Ragged-fringed OrchidYesterday, giving up on the weather drying out, I fired up the garden tractor for the mid-summer "haying." As I was slowly slogging through the wet grass my eye was caught by a greenish white flower just as I was about to mow over it. Holy cow! There it was, a survivor after all these years, probably reinvigorated by our record July rain. But there it was, kind of lonely all by itself.

 

Posted August 1, 2009 from DMcG (Click on thumbnails for larger view)

White-Fringed Orchid

White Fringed Orchids were blooming on power lines in Charlestown.

 

 

 



Canada LilyIn mid-July, Canada Lilies were blooming in a wet meadow in Glocester.

 



Wood LilyWhile exploring power lines in the Providence County, Wood Lilies were found in Cumberland, Lincoln and North Smithfield.

 

Small Purple-fringed OrchidIn late-July through early August, the Small Purple Fringed Orchids flower in wet areas. This year I found them along a muddy stream bank in Exeter, and in wet sphagnum bog in Cumberland.

 

 

Woodland SunflowerWhile driving down a dirt road in Foster, I noticed these Woodland Sunflowers growing in the dry, dusty edges.

 

 

Butterfly MilkweedsI was searching for a reported Canada Lily in an old, grassy field in Westerly. I did not find the lily, but my timing was right to see these orange Butterfly Milkweeds.


Grass PinkAerial photos of North Smithfield showed odd-colored wetlands adjacent to some sand barrens. One of the wet areas turned out to be a mat of Small Cranberry growing in what could be an old gravel pit. Several Grass Pink Orchids were blooming there in early July.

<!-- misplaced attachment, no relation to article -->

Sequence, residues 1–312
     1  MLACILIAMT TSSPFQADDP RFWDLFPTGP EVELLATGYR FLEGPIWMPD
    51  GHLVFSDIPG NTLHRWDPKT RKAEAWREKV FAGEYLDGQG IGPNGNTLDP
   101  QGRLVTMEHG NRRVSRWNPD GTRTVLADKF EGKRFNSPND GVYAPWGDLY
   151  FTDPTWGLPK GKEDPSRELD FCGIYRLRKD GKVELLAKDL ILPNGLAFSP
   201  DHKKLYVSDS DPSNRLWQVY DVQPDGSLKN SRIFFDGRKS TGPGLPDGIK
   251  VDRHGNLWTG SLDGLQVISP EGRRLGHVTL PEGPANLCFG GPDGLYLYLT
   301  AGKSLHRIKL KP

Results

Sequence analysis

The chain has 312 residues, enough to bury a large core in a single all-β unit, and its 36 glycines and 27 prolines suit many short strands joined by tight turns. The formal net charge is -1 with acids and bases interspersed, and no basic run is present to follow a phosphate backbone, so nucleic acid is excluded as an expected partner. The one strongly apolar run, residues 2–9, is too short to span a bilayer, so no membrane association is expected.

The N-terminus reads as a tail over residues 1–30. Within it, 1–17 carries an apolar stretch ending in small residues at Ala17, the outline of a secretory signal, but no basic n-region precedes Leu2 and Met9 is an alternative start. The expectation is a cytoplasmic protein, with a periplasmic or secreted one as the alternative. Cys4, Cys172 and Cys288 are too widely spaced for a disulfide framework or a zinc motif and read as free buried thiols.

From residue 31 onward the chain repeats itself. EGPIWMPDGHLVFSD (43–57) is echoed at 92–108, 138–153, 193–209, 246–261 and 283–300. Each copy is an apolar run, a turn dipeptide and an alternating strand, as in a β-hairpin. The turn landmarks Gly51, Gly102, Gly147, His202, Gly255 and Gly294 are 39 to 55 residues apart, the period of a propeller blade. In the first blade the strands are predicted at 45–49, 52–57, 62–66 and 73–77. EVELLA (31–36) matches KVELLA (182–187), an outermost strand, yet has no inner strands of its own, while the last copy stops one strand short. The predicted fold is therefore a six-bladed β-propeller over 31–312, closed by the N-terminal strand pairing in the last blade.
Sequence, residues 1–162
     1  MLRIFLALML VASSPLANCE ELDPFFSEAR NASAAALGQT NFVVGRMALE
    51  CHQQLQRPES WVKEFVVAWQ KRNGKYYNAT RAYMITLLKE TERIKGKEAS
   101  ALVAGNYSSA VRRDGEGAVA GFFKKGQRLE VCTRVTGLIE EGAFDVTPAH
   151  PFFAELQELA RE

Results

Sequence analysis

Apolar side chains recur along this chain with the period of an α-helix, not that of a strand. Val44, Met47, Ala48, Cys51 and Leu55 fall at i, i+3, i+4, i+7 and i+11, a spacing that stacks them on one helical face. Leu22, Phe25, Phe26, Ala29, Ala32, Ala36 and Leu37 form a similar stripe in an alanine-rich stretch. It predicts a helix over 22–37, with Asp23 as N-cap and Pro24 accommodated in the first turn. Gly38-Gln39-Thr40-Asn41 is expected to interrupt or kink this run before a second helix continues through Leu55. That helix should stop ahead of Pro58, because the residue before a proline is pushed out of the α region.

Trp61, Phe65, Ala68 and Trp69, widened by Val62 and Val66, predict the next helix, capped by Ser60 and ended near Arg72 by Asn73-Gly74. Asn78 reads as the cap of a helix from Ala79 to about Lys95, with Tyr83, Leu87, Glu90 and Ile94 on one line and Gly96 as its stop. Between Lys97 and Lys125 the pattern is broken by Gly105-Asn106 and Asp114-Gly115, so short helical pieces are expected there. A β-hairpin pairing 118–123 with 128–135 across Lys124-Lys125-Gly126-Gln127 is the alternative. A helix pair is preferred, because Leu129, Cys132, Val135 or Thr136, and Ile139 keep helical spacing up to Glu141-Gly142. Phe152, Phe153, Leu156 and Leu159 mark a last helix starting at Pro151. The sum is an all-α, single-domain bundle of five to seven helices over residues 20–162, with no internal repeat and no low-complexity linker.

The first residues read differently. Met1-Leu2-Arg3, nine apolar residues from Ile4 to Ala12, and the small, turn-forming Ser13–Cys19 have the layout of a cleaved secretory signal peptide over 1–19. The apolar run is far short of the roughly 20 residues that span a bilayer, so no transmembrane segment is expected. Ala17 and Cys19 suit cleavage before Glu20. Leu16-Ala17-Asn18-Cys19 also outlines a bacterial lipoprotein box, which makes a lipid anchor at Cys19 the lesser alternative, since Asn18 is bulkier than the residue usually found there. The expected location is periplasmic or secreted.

Ragged-fringed OrchidScituate has a park with a large wet meadow. Ragged Fringed Orchids were growing among the Spiked Lobelia and Racemed Milkwort.

 

 

 

Poke MilkweedI was checking up on some unusual looking milkweeds that I noted last year.  This spring they were blooming - with white flowers. The Poke Milkweed in the photo was of a patch on a roadside in Foster. I saw two other patches, in Glocester and Charlestown.

Posted June 12, 2009

Rose PogoniaFrom FRU, Pogonia ophioglossoides (Rose Pogonia) was in bloom in West Greenwich on 6/10/09. Pogonia is usually found toward the end of June, so this is an early sighting. Click on photo for a larger view.

 

Posted June 8, 2009

Arethusa or Dragon MouthJune  3, 2009 Arethusa bulbosa (Dragon Mouth or Swamp Pink Orchid) was in bloom. Click on photo for a larger view. FRU, NB and KB found not only the normal pink form, but also a white form (see Oddities page).

 

Posted May 25, 2009

Pitcher Plant budFrom kb, The Pitcher Plants at Nicholas Farm, Coventry should be in bloom in about a week.

 

 

Posted May 22, 2009

Yellow LadyslipperFrom kb, On May 11, Cypripedium parviflorum var. pubescens (Yellow Ladyslipper) was doing well in Cumberland. It had 15 stalks. Click on photo for
a larger view.

 

Posted April 29, 2009

From FRU, Thalictrum thalictroides (Rue Anemone) in bloom at Buck Hill.

Posted April 15, 2009

From FRU, Marsh Marigold was in bloom at Snake Den.

Posted April 10, 2009

hepatica at LimetockHey, Gang, the Hepatica is in bloom at Limerock! Click on the photo for a larger and more complete photo. Photo and info compliments of FRU.

 

Posted September 2008

A new population of Platanthera flava var. herbiola (Tubercled Orchid) was found in Cumberland this past season. kb